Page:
By Andrew N. | July 2, 2012
Around this time last year, I attended my orientation at Ohio State. A few things stuck out to me, including: how awesome OSU is, how much the people at OSU like to brag on ourselves (see what I did there), and something one speaker said during our first session. Because it was over a year ago, I can’t recall the exact quote, but it resembled “If you have a boyfriend or girlfriend, break up with them now, because it’s not going to last”
As a person who had been in a relationship for more than 3 years at that time, I found this statement astounding. Does this speaker really think she knows me? Does this statement even apply? Should I be insulted? The answers to all these questions are no, but with a * and a footnote.
Does she know me? Of course she doesn’t know me, this is the first time she has seen me as well as all 500 other kids in the room. Now that the obvious answer is out of the way, let’s examine the footnote. What the speaker is going on is statistics. An enormous amount of changes occur during those first few months, and for better or for worse, sometimes that includes relationships. I can only speak from personal experience and what I observed, but I will acknowledge that many do fail during the first year of college. In fact enough relationships don’t last past thanksgiving that it deserves a special name, the “Turkey Drop”.
Not this kind of turkey drop…unfortunately
Does this statement even apply? I am going to say no, and here is why. For starters, I chose not to break up with my girlfriend, and clearly she made the same decision, as we are still together. Secondly, I believe the bulk of this statement is directed towards students whose boyfriend or girlfriend will not be attending Ohio State at the same time. This could be the case if the couple decide to go to different schools, one of them doesn’t go to school, or possibly one is still in high school. For me, both my girlfriend and I were starting our freshman year at OSU at the same time, making the situation quite different. I don’t have statistics, but from my experience I can say without a doubt that long distance relationships were more likely to fail by a staggering amount.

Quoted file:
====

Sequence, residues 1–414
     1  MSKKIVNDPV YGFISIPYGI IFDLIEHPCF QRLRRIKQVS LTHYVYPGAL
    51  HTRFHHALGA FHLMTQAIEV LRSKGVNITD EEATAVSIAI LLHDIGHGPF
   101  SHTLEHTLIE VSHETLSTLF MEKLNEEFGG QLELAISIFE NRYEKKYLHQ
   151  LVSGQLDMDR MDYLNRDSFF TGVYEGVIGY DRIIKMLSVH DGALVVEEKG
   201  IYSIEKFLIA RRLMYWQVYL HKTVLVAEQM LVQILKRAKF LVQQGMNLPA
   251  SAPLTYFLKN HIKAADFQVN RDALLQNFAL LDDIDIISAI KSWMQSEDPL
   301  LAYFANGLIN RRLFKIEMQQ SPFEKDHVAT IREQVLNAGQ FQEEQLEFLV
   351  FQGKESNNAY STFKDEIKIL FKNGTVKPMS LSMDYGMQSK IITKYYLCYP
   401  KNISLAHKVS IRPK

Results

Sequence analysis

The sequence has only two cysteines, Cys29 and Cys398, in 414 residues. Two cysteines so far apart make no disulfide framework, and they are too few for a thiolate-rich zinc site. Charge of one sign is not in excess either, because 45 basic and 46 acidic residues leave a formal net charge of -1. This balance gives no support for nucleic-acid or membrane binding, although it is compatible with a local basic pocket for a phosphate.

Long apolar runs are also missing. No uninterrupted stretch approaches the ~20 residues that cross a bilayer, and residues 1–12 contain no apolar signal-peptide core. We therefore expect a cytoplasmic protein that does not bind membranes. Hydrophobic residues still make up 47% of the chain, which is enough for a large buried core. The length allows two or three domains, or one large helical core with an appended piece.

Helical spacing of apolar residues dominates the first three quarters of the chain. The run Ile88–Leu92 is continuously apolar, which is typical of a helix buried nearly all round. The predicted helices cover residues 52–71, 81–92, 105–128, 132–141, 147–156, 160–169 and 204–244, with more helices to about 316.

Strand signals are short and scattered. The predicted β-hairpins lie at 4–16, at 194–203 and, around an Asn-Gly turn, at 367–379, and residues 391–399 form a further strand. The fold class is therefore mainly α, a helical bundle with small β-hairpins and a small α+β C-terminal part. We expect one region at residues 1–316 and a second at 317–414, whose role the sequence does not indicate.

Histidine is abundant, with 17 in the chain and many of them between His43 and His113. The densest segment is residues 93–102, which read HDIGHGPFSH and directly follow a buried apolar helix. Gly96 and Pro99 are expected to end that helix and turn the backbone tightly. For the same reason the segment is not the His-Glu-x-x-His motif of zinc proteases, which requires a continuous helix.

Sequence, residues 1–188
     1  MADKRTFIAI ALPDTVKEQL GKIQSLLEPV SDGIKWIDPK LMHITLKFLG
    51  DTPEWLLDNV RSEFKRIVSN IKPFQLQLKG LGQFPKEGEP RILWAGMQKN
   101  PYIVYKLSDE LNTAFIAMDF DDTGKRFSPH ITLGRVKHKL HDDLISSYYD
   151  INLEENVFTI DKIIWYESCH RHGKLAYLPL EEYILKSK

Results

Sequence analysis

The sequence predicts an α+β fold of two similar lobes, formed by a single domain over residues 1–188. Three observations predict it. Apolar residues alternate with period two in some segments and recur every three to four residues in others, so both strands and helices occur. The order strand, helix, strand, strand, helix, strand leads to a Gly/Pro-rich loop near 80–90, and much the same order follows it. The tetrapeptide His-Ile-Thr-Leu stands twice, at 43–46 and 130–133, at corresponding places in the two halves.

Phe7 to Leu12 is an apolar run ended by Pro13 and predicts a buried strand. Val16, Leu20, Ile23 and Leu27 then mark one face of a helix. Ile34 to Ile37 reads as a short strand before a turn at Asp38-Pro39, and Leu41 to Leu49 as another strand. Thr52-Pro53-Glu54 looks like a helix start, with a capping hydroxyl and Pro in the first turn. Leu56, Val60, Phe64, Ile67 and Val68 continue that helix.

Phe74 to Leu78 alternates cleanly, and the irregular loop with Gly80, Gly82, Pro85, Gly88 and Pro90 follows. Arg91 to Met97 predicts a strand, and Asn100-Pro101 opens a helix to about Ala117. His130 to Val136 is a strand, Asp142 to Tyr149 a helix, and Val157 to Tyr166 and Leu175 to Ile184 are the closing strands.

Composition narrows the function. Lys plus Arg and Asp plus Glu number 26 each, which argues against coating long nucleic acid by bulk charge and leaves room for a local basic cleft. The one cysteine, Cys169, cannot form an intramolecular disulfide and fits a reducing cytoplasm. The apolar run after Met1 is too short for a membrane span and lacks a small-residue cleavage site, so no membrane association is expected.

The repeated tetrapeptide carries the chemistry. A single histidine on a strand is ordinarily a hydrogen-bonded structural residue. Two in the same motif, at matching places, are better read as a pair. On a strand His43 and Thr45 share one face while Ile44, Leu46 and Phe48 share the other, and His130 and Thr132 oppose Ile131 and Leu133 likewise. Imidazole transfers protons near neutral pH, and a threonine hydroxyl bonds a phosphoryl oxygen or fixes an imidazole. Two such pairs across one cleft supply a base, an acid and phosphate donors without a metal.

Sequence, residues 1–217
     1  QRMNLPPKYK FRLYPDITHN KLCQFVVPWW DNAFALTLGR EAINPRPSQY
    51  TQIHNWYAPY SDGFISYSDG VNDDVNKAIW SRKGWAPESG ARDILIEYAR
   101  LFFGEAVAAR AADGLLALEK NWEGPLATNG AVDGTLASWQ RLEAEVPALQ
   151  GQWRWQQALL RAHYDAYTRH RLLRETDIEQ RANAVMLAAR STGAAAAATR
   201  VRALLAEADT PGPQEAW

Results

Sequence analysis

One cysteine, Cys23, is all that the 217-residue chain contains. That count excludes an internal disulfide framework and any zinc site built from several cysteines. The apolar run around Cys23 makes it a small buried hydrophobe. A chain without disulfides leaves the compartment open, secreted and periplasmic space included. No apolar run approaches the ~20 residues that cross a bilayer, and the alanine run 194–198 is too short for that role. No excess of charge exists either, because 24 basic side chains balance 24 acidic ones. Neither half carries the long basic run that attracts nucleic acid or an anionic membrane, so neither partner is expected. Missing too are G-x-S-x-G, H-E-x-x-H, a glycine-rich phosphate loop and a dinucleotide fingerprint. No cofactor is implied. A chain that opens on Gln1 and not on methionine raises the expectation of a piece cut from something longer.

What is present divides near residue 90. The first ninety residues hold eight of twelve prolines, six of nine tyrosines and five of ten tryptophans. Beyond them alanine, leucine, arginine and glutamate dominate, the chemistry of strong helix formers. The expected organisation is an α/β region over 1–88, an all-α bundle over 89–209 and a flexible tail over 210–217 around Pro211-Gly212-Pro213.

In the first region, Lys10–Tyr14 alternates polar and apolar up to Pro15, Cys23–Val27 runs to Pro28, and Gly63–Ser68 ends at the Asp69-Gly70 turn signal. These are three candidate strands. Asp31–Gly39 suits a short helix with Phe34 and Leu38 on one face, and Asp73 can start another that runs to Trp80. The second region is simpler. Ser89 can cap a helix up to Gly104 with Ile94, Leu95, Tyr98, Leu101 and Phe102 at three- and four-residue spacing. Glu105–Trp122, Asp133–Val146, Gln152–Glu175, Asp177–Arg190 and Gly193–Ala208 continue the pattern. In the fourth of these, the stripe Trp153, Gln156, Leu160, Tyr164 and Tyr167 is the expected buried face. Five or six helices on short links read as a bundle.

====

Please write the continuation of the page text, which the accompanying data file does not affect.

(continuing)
Should I be insulted? I don’t believe so, because she is simply trying to help. From her experience, she has seen a vast number of relationships end in sadness and stress. Especially if it doesn’t end quickly, the emotional toil that a declining relationship has can distract the students away from their college experience, particularly their studies. As long as I remember that she was looking to save me from that, I can forgive her for making that request.
Now I’m not telling anyone what to do about your relationship, I don’t believe that is my place. In my case, I stayed with my girlfriend and continue being happy, and there are many more like me. On the other hand, I could give you plenty of examples of friends who are now single. My advice is don’t let some OSU administrator or anyone else make your decisions, especially one as personal as this. Only you will know what is best in your individual case.
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